[Left] with Clint Eastwood - "Firefox" [1981]

               

 BRUCE SURTEES

Born: 3 August 1937, Los Angeles, Calif., USA, as Bruce Mohr Powell Surtees, son of doph Robert L. Surtees [1906-1985].

Died: 23 February 2012, Carmel-by-the-Sea, Calif., USA.

Education: Art Center College of Design, Pasadena, Calif., USA.

Career: Joined Disney as a technician. Was c.op [usually for his father].

He was nicknamed 'The Prince of Darkness' because of his low-key lighting.

Awards: 'Oscar' AA nom [1974] for 'Lenny'; 'Emmy' Award nom [1999] for 'Dash and Lilly'.


Don Siegel on 'The Beguiled': 'I remember one thing I wanted to do is get a shot in darkness illuminated by a single candle. The old way to get a picture of someone walking with a candle was to set up a complicated series of controlled lights, dimmers, clicking on, synchronized to the step of the person with the candle. [...] I didn't want that kind of thing again. So I picked young Bruce Surtees, and said, "You've got to do it without dimmers." If I'd said that to an old-timer, he would have said goodbye. But Bruce would try to find a way to do anything I asked him. For that candle scene, he put a little bulb in the base of the candleholder and we shot. It took guts. We realized we might get nothing, and we knew we would have to intensify it, send it through a special lab. When we saw the film, most of the screen was black except for a circle of light showing the girl's face. We didn't care that it was black, that it wouldn't show up on a television screen when the studio sold the picture to some network in a couple of years. Screw them. We liked it. It was exciting.' [From 'Don Siegel: Director' by Stuart M. Kaminsky, 1974.]

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Obituary: Bruce Surtees, an Oscar-nominated cinematographer known as the 'Prince of Darkness' for his skill at summoning sharply etched figures from the inky depths of prisons, nightclubs and other inhospitably lighted places, died on Thursday in Carmel, Calif. He was 74.

The cause was complications of diabetes, his wife, Carol, said.

Known in particular for his long association with Clint Eastwood, Mr. Surtees [pronounced sur-TEEZ] shot more than a dozen films in which Mr. Eastwood starred. Many of these were also directed by Mr. Eastwood.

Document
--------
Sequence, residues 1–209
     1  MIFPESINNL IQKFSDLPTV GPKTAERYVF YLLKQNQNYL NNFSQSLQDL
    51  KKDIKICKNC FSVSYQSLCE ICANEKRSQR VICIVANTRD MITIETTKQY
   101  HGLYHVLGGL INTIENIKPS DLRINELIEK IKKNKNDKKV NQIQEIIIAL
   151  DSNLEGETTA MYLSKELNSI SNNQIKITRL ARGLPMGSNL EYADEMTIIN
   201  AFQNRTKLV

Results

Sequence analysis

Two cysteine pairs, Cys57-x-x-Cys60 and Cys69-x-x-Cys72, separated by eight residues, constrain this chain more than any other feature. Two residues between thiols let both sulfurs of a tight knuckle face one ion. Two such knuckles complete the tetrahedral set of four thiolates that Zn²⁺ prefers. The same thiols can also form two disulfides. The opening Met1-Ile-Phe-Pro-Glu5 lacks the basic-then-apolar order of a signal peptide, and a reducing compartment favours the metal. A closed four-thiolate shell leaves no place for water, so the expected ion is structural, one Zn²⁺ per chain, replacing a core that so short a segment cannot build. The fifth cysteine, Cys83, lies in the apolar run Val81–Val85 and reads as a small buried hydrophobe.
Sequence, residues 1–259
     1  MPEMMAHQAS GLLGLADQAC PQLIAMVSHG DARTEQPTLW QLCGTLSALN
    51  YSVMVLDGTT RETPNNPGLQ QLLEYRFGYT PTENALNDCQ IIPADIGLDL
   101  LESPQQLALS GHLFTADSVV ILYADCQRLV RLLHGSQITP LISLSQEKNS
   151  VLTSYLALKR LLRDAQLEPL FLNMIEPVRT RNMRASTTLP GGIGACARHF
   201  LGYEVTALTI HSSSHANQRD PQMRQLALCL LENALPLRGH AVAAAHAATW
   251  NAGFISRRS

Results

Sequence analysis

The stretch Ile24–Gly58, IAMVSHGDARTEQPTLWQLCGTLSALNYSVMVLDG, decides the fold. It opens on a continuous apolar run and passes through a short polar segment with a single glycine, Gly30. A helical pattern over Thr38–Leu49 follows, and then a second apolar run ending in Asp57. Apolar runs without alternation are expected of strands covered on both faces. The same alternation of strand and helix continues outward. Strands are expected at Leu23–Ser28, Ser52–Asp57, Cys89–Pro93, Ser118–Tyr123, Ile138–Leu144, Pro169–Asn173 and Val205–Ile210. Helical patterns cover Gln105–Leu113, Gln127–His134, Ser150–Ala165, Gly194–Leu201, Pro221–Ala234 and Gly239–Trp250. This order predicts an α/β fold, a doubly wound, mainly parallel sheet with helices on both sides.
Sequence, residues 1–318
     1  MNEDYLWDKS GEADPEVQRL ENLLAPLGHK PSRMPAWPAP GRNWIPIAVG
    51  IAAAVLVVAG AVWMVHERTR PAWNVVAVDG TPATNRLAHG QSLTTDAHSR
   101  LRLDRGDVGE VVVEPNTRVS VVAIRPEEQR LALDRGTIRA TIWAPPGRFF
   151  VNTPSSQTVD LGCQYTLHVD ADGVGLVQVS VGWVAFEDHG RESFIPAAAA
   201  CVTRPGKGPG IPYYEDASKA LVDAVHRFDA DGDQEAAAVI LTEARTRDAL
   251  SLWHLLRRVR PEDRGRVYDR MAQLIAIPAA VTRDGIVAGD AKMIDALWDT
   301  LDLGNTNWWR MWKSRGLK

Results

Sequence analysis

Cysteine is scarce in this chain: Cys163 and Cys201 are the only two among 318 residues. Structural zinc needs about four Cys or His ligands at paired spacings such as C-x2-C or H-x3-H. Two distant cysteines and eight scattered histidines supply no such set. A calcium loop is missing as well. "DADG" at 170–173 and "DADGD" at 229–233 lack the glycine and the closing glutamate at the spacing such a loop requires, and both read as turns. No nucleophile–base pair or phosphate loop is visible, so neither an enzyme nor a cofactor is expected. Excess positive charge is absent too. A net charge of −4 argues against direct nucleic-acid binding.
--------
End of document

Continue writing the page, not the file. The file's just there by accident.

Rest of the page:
Mr. Surtees dealt in shadows. Through his nuanced, often minimal use of lighting on the set, he meticulously conjured the stark contrast of lights and darks on the screen that he and his directors often sought.

'He was fearless,' Mr. Eastwood said in a telephone interview on Tuesday. 'He wasn't afraid to give you sketchy lighting if you asked for it. He didn't believe in flat light or just bright, 'Rexall drugstore' lighting, which a lot of times you can get if you get somebody that isn't very imaginative.'

Mr. Surtees's earliest work as a cinematographer was for director Don Siegel, for whom he shot 'Dirty Harry' and 'Escape from Alcatraz', both starring Mr. Eastwood, and 'The Shootist', starring John Wayne.

Mr. Surtees earned an Academy Award nomination for his work on 'Lenny', a biopic about Lenny Bruce starring Dustin Hoffman that was shot in black-and-white at the request of its director, Bob Fosse. In Mr. Surtees's hands, the finished film looked like a living photograph by Weegee.

Cinematography was part of Mr. Surtees's genetic endowment. His father, Robert Surtees, was a cinematographer who won [several] Oscars. The younger Mr. Surtees, born in Los Angeles on Aug. 3, 1937, was named Bruce Mohr Powell Surtees in honor of his father's mentor Hal Mohr, also an esteemed cinematographer.

Mr. Surtees's first marriage, to Judy Rucker, as she is now known, ended in divorce. Besides his wife, the former Carol Buby, whom he married in 1979 in Seoul while on location for 'Inchon', he is survived by a daughter from his first marriage, Suzanne Surtees; a brother, Tom; and a sister, Nancy.

Mr. Surtees, who lived in Carmel, was also the cinematographer for 'White Dog', Samuel Fuller's controversial film about a dog trained to attack black people. Made in 1981, it was not officially released - on DVD - until 2008 because of the studio's fears that it was inflammatory. [The film, which stars Kristy McNichol, Paul Winfield and Burl Ives, is ardently anti-racist.]

In the 1990s and afterward Mr. Surtees shot several television movies, including 'Dash and Lilly', starring Sam Shepard and Judy Davis as Dashiell Hammett and Lillian Hellman, for which he received an 'Emmy' nomination.